| 11°C Dublin

naval exercises Eamon Ryan to lift marine warning over Russian drills as fishermen take to sea

Simon Coveney revealed last night that Russia agreed to relocate the contentious military naval exercises to outside Ireland’s Exclusive Economic Zone

Close

Transport Minister Eamon Ryan. Photo: Gareth Chaney

Transport Minister Eamon Ryan. Photo: Gareth Chaney

Transport Minister Eamon Ryan. Photo: Gareth Chaney

At the end of a week in which the world was agog at Irish fishermen’s daring manoeuvre to face down a flotilla of Russian warships testing missiles off the south-west coast, diplomacy has prevailed.

The Minister for Foreign Affairs Simon Coveney revealed in a tweet last night that Russia has agreed to relocate the contentious military naval exercises to outside Ireland’s Exclusive Economic Zone.

The minister said he wrote to Russia’s defence minister last week asking him to reconsider the naval exercises off the Irish coast.

“This evening, I received a letter confirming the Russian exercises will be relocated outside of Ireland’s EEZ. I welcome this response.”

The Russian ambassador to Ireland, Yuriy Filatov, confirmed the unexpected development a short time later.

Russia’s Minister for Defence had made the decision “as a good will gesture” in response to requests from the Irish Government and the Irish South and West Fish Producer’s Organisation, with “the aim not to hinder fishing activities by the Irish vessels in the traditional fishing areas”. The drills will now take place outside Ireland's Exclusive Economic Zone.

Mr Coveney broke the news, but victory was claimed by the South and West Fish Producers Association (SWFPA), the industry body based out of West Cork that made global headlines for threatening to face down Russian warships.

Last night, the SWFPA was making global headlines again. “Russia blinks after Irish fishermen’s vow to block navy war games,” declared CNN.

In an online video message, Patrick Murphy, the chief executive of the SWFPA, said: “It’s a win for the boats that are going out fishing. They’ll definitely feel a lot safer. And it’s a win for the environment as well. It’s a win for diplomacy and it’s a win for conversation and it shows that both sides can come to an amicable arrangement and everybody is happy. What I would have liked is not to have been involved in this in the first place.”

As Russian troops massed along the Ukraine border, stoking fears of an invasion, news broke last weekend the Russian Federation planned a military naval exercise off the Irish coast from this week. The drills were to take place outside Irish waters but within the State’s Exclusive Economic Zone 240km off the southwest coast, between February 3 to February 8.

Protesters called on the government to intervene to prevent environmental fallout on marine life and fish stocks caused by military sonar and artillery. Commentators noted the drill’s proximity to subsea internet cables connecting Europe and the US. Fishers plotted flotillas to surround the Russians.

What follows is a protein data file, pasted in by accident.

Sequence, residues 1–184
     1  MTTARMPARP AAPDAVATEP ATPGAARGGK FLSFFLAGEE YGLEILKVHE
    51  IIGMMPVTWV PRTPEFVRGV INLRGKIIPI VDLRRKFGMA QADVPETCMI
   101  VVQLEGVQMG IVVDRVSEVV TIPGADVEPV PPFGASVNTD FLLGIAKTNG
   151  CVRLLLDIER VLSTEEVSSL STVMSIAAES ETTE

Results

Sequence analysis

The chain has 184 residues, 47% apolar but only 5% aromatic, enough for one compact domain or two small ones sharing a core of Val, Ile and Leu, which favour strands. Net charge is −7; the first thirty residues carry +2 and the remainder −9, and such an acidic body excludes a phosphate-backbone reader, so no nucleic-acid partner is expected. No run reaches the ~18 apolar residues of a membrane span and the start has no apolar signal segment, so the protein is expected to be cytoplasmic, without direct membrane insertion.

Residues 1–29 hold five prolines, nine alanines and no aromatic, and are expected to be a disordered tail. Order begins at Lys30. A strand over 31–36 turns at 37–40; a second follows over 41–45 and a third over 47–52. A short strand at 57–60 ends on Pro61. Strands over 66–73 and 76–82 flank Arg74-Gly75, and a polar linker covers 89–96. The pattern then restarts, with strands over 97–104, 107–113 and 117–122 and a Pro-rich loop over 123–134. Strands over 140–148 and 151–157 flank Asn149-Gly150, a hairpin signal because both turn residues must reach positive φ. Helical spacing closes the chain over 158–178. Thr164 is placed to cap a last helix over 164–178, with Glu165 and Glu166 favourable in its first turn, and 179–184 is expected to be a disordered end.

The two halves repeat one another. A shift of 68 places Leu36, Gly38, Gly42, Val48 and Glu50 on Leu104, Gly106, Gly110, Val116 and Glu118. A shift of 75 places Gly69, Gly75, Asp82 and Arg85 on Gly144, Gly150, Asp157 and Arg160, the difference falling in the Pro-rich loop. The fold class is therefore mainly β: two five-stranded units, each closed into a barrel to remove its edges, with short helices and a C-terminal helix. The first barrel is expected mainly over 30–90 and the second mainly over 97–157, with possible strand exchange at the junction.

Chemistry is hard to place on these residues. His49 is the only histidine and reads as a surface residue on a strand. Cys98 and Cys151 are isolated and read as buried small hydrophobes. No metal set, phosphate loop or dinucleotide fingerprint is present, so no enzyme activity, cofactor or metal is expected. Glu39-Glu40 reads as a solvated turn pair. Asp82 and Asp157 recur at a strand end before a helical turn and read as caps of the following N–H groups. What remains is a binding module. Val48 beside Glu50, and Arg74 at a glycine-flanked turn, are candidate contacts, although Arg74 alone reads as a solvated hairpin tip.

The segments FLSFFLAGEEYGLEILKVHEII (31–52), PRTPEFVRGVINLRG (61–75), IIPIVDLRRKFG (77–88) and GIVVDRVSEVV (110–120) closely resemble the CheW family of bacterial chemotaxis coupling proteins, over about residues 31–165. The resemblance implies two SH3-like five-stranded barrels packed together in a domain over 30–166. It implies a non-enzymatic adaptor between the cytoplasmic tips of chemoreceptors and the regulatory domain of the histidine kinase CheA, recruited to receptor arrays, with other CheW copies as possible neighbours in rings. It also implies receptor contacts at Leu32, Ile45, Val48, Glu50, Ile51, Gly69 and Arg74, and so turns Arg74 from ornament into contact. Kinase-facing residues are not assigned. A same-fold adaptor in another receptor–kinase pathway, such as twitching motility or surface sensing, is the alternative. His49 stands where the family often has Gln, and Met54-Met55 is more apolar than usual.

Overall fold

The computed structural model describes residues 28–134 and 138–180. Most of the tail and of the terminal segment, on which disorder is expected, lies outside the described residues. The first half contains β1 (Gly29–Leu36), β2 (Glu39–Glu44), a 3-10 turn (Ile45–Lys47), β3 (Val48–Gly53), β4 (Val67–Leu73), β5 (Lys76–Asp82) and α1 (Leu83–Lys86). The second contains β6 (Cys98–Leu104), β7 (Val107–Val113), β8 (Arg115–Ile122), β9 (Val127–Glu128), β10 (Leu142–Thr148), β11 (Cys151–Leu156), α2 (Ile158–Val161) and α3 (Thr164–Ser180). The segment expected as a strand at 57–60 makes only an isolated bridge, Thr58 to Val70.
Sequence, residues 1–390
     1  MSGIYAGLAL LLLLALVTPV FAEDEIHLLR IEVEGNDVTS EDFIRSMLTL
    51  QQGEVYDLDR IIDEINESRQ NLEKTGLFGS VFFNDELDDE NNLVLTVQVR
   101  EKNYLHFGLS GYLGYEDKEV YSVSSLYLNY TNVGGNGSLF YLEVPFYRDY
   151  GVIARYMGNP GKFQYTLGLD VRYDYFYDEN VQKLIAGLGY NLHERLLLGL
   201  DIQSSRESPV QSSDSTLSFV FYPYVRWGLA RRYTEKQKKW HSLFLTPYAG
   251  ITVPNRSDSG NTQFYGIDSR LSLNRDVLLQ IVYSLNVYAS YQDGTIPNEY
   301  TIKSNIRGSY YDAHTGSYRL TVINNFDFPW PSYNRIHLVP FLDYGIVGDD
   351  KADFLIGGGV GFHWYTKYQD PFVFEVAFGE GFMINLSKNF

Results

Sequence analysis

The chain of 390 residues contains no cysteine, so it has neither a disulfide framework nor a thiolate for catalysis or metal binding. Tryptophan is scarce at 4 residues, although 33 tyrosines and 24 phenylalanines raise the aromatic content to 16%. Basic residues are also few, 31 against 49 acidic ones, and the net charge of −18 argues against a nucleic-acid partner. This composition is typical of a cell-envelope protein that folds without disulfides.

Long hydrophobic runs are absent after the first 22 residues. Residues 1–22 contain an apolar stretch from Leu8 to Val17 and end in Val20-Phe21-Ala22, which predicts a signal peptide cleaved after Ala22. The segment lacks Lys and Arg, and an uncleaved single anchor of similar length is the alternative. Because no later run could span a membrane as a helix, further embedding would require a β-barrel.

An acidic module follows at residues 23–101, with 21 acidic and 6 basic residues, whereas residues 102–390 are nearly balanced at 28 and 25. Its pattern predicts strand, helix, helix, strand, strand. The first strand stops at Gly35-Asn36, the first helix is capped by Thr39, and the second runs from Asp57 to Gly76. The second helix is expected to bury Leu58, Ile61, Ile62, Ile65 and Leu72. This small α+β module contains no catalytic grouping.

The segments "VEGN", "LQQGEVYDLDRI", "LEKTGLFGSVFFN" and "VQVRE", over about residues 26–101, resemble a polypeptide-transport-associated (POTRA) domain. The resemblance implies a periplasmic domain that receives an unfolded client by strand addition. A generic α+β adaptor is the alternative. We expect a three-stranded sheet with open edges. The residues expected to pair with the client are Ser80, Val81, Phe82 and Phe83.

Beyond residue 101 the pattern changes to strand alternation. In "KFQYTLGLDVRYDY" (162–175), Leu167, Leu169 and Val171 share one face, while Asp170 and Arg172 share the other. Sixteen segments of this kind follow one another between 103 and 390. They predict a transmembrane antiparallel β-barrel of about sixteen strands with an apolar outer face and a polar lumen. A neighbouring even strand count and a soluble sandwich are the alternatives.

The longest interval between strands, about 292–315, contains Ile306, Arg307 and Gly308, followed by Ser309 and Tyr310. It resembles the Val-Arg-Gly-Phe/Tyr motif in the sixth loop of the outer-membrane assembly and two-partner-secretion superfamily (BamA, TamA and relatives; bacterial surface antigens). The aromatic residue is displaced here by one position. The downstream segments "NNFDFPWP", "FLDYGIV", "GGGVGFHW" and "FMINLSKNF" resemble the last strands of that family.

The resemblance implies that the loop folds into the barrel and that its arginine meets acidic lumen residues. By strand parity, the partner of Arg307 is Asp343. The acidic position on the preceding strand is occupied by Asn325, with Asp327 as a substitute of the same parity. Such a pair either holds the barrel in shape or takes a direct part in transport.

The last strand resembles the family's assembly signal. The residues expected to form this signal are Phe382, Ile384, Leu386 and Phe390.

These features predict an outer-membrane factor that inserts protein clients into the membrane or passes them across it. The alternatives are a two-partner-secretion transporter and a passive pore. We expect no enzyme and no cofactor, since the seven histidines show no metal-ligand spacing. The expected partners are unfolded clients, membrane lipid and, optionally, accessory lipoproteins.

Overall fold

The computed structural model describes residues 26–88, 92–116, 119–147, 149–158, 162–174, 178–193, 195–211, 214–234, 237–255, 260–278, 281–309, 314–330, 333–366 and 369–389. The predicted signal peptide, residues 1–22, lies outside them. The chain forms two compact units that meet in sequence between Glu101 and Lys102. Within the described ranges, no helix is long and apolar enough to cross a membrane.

Sunday World Newsletter

Sign up for the latest news and updates

This field is required This field is required

Close

Russian troops take part in combat drills in the Rostov region near Ukraine's eastern border yesterday. Photo: Sergey Pivovarov/Reuters

Russian troops take part in combat drills in the Rostov region near Ukraine's eastern border yesterday. Photo: Sergey Pivovarov/Reuters

Russian troops take part in combat drills in the Rostov region near Ukraine's eastern border yesterday. Photo: Sergey Pivovarov/Reuters

 

The South and West Fish Producers Association was concerned about safety of trawlers and fish stocks in the deep waters of the Porcupine Bight, where the Russians had planned to hone their war skills. There was an urgency too, because on February 1, 60 Irish trawlers would set off to fish close to the area where the Russians planned to test their war skills.

The fishers staged a diplomatic intervention and secured a meeting with the Russian ambassador at the embassy on Orwell Road.

“My aim was to ensure our trawlers could fish in an area safely and they were not going to be interrupted and impeded. The ambassador thought we were going to go out and surround the navy ships and stop them,” Mr Murphy told the Sunday Independent.

The upshot of the meeting for both sides was “clarity” despite a dispute over the ambassador offering “absolute guarantees”. Mr Filatov promised to take the fisherss concerns to Moscow; the fishers found the Russians would be 100 nautical miles away from them.

“He [the ambassador] turned to me, and he was really sincere, he said: ‘Patrick, you have to understand that our navy personnel, not one man aboard those boats wants to do harm to one fisherman in your fleet,’ ” Mr Murphy said.

 

“The Russian site has moved off the Continental shelf into deeper waters, which will minimise any impact on Ireland’s marine life and fish stocks,” said Niall Duffy, editor of The Skipper, the industry magazine. “It’s a vi ctory in for fishers.”

Among the trawlers taking to sea will be the Rachel Jay, skippered by Johnny Walsh, a director of the SWFPA: “The government should have gotten this practis e to take place outside the Exclusive Economic Zone in the first place. They turned around and did it only after the SWFPA took the initiative to meet the Russian ambassador and tell him of our concerns."

Download the Sunday World app

Now download the free app for all the latest Sunday World News, Crime, Irish Showbiz and Sport. Available on Apple and Android devices


Top Videos





Available now on Apple Podcasts, Spotify or Google Podcasts.

Privacy